In the incipient stages, the kidneys maintain an adequate glomerular filtration rate (GFR) due to renal prostaglandins, which keep the afferent arterioles dilatated. However, cirrhosis progression intensifies both splanchnic and systemic vasodilation and contributes to decreased mean arterial pressure, prolonged renal vasoconstriction with reduced renal blood flow, and GFR. Overall, a state of renal hypoperfusion occurs. Therefore, HRS is a prerenal type of renal failure, which is not responsive to fluids.
Cardiac dysfunction in HRS is caused by the diseased liver itself and less commonly by the same etiologic factor of cirrhosis (e.g., alcohol). Myocardial impairment is complex and has several contributory mechanisms: Increased neurohumoral activity leading to myocardial hypertrophy and fibrosis with affected relaxation and inhibitory effects of the cytokines on the ventricular function. Generally, inotropic and chronotropic functions become altered in hepatocardiorenal syndrome.
Non-infectious systemic inflammatory response syndrome was identified in almost half of the patients with AKI-HRS. On the other hand, HRS is often preceded by bacterial infections. Inflammation in cirrhosis is induced by macrophage activation, oxidative stress, and inflammatory molecules. Pathogen-associated molecular patterns emerge from the translocation of gut bacteria and damage-associated molecular patterns from the damaged hepatocytes. In turn, these inflammatory molecules activate cytokine release, leading to increased vasodilator production, with the result being reduced systemic arterial resistance and mean arterial pressure.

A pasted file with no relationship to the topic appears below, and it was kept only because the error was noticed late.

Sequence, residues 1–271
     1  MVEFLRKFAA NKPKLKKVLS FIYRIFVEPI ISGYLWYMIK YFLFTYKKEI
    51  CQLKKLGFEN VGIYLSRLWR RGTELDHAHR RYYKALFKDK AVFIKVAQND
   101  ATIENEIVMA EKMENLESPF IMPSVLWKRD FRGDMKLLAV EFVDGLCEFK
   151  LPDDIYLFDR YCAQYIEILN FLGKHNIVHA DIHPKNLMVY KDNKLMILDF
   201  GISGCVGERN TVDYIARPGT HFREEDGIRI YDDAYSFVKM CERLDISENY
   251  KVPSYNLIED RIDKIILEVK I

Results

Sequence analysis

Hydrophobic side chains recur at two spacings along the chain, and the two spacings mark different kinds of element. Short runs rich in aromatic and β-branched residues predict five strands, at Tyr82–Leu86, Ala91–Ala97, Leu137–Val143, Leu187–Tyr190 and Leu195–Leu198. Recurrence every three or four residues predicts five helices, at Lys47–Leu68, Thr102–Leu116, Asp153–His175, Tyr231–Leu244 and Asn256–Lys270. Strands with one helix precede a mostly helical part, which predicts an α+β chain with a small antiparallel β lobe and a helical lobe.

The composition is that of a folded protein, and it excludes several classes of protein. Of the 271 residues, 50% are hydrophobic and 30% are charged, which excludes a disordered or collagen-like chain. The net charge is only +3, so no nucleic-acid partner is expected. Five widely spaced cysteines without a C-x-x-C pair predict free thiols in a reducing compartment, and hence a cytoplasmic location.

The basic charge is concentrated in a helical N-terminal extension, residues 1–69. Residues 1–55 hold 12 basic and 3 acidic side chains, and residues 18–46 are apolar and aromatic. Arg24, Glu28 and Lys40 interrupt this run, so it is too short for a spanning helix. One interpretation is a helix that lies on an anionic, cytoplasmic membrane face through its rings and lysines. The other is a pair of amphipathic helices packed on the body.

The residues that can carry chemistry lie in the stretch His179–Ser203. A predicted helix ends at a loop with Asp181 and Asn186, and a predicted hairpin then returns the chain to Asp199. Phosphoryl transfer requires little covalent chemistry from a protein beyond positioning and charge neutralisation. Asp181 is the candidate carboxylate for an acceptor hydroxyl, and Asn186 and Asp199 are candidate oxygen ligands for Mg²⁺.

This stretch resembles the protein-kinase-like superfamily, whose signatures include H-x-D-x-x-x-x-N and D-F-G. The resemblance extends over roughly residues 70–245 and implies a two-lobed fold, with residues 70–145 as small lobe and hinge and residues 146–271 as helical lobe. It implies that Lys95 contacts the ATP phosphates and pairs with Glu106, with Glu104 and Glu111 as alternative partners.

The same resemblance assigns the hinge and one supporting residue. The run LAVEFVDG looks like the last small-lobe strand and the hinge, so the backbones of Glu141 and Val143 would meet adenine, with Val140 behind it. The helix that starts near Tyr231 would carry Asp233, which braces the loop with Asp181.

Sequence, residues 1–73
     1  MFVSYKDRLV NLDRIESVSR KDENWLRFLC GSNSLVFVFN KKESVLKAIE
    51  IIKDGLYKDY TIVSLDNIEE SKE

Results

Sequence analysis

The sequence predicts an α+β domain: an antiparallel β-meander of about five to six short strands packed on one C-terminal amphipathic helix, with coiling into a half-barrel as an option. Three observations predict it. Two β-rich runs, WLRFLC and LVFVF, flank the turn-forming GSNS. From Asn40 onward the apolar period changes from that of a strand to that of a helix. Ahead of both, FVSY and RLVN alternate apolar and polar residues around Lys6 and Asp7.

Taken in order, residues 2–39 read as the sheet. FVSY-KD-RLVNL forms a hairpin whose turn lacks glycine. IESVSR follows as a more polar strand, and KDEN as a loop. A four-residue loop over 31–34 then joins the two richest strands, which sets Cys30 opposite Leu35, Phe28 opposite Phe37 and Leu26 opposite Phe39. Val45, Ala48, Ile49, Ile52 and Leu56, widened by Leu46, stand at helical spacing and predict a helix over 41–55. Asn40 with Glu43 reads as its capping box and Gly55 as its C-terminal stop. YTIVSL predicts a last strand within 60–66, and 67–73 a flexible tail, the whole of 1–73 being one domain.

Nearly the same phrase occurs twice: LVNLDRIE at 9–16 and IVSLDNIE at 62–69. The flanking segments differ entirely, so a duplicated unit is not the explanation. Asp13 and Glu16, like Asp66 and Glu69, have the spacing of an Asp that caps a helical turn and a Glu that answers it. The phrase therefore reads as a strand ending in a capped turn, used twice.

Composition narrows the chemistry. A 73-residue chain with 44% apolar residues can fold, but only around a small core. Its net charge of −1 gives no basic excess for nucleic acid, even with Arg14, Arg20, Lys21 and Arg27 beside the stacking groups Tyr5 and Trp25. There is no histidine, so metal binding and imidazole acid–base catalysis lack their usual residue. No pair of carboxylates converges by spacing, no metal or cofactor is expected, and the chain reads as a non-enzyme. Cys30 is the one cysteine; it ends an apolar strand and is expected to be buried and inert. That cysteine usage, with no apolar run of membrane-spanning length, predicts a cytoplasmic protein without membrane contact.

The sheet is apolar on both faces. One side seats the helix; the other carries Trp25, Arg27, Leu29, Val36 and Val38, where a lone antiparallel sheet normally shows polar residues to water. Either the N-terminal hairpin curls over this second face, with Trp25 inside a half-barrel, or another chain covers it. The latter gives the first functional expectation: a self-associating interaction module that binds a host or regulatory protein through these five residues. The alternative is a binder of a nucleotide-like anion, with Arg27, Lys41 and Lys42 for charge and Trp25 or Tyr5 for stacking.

Relative adrenal insufficiency (RAI) is observed in less than half of the patients with advanced cirrhosis and may develop into HRS. The mechanisms are not well established; however, depletion of the substrates for cortisol production and dysfunction of the hypothalamus-pituitary axis by the pro-inflammatory cytokines have been implied. Other mechanisms have been theorized to contribute to the HRS, mainly the hepatorenal reflex. The hepatorenal reflex is thought to be the result of abnormal hepatic blood flow directly affecting kidney hemodynamics. Evidence to support this theory is reinforced by the transjugular intrahepatic portosystemic shunt placement, which leads to the HRS’s amelioration by reducing portal hypertension.